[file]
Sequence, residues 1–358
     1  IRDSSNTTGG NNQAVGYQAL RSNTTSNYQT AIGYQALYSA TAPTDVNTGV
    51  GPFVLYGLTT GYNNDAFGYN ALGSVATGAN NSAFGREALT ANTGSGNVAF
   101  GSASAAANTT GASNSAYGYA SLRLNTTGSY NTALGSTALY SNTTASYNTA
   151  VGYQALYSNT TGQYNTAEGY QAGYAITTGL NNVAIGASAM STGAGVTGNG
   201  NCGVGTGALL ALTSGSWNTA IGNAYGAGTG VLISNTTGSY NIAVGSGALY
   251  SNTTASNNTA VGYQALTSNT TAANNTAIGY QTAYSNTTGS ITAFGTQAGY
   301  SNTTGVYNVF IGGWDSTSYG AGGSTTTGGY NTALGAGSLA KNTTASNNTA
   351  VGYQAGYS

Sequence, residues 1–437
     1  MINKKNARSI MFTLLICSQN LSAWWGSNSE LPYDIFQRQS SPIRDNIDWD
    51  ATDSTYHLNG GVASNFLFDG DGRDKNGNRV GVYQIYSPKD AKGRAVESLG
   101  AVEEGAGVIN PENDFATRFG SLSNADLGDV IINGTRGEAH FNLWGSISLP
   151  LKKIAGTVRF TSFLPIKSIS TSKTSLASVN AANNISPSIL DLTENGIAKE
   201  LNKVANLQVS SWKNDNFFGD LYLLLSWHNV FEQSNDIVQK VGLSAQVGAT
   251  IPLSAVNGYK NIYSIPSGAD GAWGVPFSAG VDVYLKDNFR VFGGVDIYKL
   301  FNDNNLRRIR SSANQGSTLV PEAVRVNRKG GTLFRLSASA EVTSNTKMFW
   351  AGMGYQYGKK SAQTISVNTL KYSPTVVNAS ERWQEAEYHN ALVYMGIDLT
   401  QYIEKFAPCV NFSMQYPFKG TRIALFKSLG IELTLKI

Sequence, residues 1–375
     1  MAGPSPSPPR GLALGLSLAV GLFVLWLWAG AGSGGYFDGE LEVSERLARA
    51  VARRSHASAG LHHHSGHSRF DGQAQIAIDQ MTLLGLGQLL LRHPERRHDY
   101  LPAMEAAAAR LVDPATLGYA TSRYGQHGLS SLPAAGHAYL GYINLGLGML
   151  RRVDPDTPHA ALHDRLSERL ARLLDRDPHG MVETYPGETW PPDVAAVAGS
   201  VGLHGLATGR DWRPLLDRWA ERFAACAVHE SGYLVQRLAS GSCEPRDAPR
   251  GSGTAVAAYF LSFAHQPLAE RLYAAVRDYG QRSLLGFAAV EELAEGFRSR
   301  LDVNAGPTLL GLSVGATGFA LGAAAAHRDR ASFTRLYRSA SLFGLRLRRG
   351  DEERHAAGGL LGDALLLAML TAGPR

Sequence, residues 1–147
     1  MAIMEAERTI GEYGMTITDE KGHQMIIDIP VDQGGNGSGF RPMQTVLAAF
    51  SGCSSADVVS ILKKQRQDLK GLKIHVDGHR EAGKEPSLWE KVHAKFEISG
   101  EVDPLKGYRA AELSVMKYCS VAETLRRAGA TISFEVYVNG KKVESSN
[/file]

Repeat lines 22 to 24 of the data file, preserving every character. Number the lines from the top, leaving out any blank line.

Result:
    51  VARRSHASAG LHHHSGHSRF DGQAQIAIDQ MTLLGLGQLL LRHPERRHDY
   101  LPAMEAAAAR LVDPATLGYA TSRYGQHGLS SLPAAGHAYL GYINLGLGML
   151  RRVDPDTPHA ALHDRLSERL ARLLDRDPHG MVETYPGETW PPDVAAVAGS